Fallout From the Opioid Crisis: IV Drug Abuse and Endogenous Fungal Endophthalmitis
Abuse of intravenous (IV) drugs is a risk factor for endogenous fungal endophthalmitis (EFE), a severe vision-threatening intraocular infection. Tirpack et al. updated the characteristics, management, and visual outcomes among patients with EFE and found that this infection signals severe end-organ damage and poor visual outcomes.
For this study, the authors reviewed records for all patients with EFE referred to New England Eye Center at Tufts Medical Center from May 2014 to May 2016. Patients with a history of IV drug abuse and clinical evidence or culture proof of fungal endophthalmitis were included. Patient data were collected, including demographics, comorbidities, presenting symptoms, vitreoretinal findings, treatment regimens, culture results, and visual acuity (before and after treatment).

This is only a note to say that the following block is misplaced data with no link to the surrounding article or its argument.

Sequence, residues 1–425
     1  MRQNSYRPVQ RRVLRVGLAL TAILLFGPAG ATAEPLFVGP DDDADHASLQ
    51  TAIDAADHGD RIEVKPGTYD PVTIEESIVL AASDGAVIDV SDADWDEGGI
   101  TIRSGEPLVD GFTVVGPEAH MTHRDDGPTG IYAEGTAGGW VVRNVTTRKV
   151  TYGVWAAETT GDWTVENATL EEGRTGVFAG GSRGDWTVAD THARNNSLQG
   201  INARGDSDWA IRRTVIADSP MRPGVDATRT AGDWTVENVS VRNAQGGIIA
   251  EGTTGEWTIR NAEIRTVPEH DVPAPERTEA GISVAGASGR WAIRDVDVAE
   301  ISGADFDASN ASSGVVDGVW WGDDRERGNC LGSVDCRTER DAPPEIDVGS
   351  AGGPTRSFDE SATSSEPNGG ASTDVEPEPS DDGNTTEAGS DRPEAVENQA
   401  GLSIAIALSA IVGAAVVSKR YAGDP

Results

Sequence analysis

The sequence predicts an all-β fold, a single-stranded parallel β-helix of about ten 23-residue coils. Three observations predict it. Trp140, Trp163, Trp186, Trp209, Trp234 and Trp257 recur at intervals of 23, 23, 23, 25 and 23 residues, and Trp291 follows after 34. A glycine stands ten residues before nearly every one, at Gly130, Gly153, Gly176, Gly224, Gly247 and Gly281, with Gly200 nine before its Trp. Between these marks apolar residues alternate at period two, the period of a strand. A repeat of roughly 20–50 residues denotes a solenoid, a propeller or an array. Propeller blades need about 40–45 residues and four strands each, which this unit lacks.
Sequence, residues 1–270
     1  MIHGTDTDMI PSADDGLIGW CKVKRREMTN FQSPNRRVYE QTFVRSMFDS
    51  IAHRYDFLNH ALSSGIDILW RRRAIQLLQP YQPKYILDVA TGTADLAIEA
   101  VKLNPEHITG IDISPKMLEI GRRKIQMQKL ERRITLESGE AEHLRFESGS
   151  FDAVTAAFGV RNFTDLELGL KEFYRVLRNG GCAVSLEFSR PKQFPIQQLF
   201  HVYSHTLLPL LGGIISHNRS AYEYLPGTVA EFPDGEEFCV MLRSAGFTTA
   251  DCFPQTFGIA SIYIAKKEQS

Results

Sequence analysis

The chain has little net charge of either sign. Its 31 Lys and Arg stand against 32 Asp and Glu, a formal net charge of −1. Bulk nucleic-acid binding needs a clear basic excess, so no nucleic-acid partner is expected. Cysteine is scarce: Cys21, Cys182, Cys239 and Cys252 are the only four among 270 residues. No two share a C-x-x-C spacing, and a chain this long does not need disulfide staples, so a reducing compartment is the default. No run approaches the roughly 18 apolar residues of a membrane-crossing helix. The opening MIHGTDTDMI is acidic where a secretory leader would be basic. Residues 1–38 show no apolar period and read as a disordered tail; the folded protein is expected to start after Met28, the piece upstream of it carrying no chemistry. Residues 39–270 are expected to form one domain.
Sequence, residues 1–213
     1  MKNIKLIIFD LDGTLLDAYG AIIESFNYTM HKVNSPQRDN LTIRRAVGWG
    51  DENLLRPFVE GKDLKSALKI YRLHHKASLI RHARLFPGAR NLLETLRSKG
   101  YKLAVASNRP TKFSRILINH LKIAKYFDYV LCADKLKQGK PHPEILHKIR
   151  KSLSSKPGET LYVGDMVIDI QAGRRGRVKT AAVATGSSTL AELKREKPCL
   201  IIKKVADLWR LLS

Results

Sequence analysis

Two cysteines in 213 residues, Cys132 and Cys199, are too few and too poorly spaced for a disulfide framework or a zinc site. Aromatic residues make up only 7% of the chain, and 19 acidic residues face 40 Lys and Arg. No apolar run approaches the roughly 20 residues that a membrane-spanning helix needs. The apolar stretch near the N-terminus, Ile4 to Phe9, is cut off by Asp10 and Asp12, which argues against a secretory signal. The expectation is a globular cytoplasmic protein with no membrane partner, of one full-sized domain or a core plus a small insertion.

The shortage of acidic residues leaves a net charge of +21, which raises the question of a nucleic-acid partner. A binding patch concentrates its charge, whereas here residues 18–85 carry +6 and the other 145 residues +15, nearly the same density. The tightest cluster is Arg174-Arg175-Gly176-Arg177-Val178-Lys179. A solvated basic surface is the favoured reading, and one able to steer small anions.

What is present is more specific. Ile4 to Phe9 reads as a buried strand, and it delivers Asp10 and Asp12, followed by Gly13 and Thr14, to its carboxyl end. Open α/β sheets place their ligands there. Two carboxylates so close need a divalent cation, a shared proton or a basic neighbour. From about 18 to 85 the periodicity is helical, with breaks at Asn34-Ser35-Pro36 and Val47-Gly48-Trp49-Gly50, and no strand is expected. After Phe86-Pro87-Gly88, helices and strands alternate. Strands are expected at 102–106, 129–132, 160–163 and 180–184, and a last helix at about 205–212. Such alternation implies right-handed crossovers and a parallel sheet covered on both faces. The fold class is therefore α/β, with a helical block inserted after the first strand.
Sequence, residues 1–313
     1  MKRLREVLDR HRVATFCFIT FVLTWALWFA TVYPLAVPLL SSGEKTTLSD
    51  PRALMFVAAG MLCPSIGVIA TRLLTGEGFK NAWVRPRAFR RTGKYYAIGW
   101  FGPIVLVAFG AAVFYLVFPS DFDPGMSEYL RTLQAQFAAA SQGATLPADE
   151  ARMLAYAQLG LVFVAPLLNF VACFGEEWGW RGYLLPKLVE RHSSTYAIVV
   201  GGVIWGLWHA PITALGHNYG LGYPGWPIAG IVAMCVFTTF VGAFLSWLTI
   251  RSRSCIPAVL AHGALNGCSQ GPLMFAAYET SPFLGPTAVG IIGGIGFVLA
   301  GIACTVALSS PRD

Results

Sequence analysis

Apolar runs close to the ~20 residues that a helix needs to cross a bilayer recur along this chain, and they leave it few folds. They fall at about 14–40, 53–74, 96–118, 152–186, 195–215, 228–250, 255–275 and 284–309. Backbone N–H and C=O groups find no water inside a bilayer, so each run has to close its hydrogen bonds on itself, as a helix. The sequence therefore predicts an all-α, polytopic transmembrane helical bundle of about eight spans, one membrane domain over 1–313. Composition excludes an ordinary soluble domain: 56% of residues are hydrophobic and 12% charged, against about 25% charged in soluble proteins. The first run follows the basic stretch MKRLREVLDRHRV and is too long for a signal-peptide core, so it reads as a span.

Ten patients with EFE related to IV drug abuse were identified during the study window period. Their mean age was 34 years (range, 24-60 years), and 50% were female. Presenting visual acuity ranged from 20/25 to hand motion. All patients were ambulatory at presentation, and 90% had isolated ocular symptoms but no systemic sign of infection. The most common presenting symptoms were floaters (n = 8), reduced vision (n = 6), and pain (n = 5). Initial treatment included systemic antifungals (all patients) and intravitreal antifungals (9 eyes). Pars plana vitrectomy was performed in 5 patients because of worsening vitritis. The most commonly isolated pathogen was Candida albicans. After treatment, visual acuity ranged from 20/40 to 20/300.
As the opioid crisis continues in the United States, clinicians should maintain a high degree of suspicion for EFE, the authors noted, as patients are ambulatory at presentation and may not have systemic signs of infection.
The original article can be found here.